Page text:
Reflections on the Series Finale of Smallville

Now that the final episode of Smallville has aired, I feel free to chat about it without apprehension of spoiling it for its fans -- but if you still haven't seen it, the CW will air it again next week. 

After ten seasons, the show can rightfully be called a success.  The finale was a bit drawn out, but the last few moments when Clark Kent finally donned the red, yellow, and blue costume and embarked on his destiny as Superman was worth the wait.  It was regretful, however, that most of that footage, while nicely done, was computer-generated rather than actual shots of Tom Welling wearing the cape.  After a decade he's earned it.  But the emotions were still there. 

The end of Smallville, all the "trials" of Clark culminating with his first public "save the world" mission, felt like the end of the Superman chapter that began with the Richard Donner movie in 1978.  Moreso even than Bryan Singer's homage to the Christopher Reeve movies in the seriously flawed Superman Returns, the TV series created by Alfred Gough and Miles Millar does a fine job of paying tribute to many elements of those fan favorite movies.  The use of the memorable John Williams music and the design of the Fortress of Solitude, for example, were just some of the ways that the show recalled those earlier films.  The key element that the early Superman movies and the Smallville series had in common was heart.  This felt like the end of an era as we prepare for the upcoming new movie version by director Zack Snyder.

Despite its critics and its obvious imperfections, the show succeeded because it treated the Superman origin story with respect.  The writers (including Gough, Millar, Tim McCanlies, and many others, with credit given to Superman creators Joe Shuster and Jerry Siegel) managed to reimagine the popular comic book story for a new generation while staying true to the foundation of the familiar tale.  Yes, plenty of liberties were taken, but for the most part it stayed faithful where it mattered -- the moral underpinnings of the character.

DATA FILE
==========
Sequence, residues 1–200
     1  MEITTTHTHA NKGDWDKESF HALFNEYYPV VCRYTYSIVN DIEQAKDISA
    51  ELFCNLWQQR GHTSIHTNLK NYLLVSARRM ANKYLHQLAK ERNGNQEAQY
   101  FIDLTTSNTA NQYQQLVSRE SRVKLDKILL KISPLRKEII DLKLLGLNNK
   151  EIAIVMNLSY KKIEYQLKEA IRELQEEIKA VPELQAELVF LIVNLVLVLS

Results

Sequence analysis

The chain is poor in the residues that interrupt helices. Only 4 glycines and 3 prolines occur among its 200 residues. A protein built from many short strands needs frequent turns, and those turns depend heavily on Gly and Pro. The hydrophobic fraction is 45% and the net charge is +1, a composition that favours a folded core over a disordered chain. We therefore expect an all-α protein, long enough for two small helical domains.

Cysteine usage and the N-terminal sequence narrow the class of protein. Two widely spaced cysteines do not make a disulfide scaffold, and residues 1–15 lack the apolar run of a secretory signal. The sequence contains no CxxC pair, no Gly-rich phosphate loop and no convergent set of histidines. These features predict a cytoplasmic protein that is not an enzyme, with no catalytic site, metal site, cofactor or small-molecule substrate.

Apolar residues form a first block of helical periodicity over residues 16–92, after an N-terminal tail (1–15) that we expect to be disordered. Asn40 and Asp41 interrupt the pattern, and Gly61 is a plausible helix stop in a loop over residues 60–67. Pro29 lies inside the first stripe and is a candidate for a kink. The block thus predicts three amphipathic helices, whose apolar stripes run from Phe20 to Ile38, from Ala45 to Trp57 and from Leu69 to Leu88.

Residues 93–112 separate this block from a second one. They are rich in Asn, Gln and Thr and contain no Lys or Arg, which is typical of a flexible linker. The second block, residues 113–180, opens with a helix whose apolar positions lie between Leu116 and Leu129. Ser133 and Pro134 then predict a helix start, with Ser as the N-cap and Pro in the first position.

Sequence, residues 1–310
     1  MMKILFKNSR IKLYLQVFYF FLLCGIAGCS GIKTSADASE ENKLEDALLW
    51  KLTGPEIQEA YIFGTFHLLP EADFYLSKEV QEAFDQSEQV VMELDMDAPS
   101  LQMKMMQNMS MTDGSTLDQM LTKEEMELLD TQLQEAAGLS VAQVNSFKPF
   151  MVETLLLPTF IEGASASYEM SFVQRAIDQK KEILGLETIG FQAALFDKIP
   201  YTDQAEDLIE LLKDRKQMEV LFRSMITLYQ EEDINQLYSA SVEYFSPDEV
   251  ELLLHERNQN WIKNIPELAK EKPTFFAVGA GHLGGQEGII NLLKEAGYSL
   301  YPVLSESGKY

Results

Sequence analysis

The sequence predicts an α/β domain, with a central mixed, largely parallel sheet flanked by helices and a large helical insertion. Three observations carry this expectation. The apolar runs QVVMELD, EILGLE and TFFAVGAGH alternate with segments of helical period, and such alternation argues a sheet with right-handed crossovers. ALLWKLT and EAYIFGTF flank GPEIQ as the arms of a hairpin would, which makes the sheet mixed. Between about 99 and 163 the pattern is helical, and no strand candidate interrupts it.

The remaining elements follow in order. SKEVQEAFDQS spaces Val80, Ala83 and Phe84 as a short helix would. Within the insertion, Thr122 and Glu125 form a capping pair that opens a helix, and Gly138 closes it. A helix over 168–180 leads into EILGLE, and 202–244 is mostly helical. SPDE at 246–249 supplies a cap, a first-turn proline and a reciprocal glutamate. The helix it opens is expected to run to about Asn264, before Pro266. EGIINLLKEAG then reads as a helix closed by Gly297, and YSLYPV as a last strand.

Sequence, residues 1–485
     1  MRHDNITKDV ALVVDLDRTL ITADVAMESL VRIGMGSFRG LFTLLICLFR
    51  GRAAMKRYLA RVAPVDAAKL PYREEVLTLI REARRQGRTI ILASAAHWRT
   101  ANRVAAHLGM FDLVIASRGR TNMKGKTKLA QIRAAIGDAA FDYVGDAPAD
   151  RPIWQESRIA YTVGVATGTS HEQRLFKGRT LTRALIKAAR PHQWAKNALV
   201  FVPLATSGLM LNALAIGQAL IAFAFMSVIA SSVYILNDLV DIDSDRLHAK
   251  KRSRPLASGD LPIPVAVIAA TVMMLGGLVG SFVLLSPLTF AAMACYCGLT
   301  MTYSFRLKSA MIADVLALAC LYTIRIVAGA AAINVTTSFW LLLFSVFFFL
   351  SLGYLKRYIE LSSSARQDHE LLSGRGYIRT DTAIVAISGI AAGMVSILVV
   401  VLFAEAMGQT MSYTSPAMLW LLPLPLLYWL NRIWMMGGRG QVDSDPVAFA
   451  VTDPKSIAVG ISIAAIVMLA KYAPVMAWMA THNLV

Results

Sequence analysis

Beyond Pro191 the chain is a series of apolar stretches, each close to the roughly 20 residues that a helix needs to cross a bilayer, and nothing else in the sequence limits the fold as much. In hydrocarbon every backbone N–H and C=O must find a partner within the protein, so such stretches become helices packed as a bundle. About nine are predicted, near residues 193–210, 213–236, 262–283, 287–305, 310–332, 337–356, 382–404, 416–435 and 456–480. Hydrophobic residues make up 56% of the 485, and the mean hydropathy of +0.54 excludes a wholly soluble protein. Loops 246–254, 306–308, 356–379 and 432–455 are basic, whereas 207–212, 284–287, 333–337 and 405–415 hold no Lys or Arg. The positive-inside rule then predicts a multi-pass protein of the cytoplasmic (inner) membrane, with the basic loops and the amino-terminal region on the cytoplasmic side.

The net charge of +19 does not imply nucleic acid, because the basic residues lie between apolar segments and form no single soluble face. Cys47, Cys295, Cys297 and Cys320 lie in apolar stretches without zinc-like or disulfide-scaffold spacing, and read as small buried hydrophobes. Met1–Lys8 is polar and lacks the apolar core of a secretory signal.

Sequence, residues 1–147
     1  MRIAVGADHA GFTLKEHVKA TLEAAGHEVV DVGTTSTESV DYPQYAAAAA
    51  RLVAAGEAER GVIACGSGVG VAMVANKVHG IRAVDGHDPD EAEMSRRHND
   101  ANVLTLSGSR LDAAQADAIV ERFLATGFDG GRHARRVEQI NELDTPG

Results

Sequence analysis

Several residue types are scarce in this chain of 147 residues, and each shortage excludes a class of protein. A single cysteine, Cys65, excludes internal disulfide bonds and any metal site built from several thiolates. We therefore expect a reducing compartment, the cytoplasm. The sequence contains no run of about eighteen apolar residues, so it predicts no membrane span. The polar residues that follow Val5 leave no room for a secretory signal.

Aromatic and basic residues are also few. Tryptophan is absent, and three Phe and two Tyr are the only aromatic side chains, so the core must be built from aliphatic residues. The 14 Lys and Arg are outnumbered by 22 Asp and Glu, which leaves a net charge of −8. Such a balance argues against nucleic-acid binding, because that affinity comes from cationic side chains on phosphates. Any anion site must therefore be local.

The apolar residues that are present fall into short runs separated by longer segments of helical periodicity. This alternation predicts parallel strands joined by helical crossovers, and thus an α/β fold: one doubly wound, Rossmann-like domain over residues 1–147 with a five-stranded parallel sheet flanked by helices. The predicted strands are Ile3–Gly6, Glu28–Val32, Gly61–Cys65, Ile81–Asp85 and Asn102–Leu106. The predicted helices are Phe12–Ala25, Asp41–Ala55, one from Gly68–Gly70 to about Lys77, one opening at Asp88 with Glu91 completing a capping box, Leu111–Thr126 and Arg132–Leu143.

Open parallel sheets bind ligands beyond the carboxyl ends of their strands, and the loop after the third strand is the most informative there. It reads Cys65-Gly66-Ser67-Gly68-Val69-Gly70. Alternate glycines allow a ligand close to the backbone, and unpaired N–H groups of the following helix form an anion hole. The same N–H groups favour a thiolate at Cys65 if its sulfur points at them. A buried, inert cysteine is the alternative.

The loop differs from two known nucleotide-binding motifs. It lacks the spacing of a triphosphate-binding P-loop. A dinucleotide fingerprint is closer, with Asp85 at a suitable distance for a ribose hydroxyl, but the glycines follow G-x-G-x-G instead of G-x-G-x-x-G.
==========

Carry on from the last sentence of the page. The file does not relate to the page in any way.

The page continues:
Smallville's early kryptonite-powered freak of the week premise gave way to a more continuity-based storyline that brought Clark from the rural cornfields of Kansas to the bustling urban Metropolis.  The evolution of the conflict with Lex Luthor (played to perfection by Michael Rosenbaum) was a highlight of the series, more than Clark's romances with Lana Lang and Lois Lane.  While it became disappointingly convoluted toward the end, it still had some outstanding moments and revealed a satisfyingly complex motivation for the Man of Steel's greatest adversary.

The pillars of the cast were the parental figures -- John Schneider as Jonathan Kent, Annette O'Toole as Martha Kent, and John Glover as Lionel Luthor. Their actions (along with the delightful Allison Mack as Chloe Sullivan) were the catalysts for the overall story arc from the beginning righ until the very end. 

I enjoyed seeing Clark learn to use his powers, discover where he came from, realize his potential, and, after temptations, challenges, and some mistakes, develop the "Superman code" that would guide him as Earth's greatest protector.

We saw cameos from Christopher Reeve, Dean Cain, Margot Kidder, and other familiar faces.  We enjoyed storylines with Justice League heroes and Superman villains.  Overall, it was a well produced and nicely executed ten years of programming.  In a long line of Superman-based television series, Smallville deserves to be remembered as one of the best and most consistently entertaining.